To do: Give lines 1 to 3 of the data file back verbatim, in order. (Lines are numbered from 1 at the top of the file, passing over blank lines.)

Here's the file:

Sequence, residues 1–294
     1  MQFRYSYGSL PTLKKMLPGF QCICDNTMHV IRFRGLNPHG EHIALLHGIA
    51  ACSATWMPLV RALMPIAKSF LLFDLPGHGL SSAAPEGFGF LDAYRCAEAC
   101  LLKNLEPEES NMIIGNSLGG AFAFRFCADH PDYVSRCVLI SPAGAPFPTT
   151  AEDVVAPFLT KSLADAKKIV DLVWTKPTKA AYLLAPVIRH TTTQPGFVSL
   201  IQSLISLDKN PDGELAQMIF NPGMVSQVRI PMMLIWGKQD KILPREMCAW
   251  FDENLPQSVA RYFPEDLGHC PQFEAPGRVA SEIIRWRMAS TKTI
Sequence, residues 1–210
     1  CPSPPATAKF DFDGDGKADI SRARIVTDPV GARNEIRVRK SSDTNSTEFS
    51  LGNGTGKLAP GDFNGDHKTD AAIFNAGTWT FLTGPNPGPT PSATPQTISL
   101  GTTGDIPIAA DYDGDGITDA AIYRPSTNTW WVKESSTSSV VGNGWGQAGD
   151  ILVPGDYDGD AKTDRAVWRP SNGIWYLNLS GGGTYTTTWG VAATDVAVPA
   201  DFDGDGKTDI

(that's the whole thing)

Sequence, residues 1–294
     1  MQFRYSYGSL PTLKKMLPGF QCICDNTMHV IRFRGLNPHG EHIALLHGIA
    51  ACSATWMPLV RALMPIAKSF LLFDLPGHGL SSAAPEGFGF LDAYRCAEAC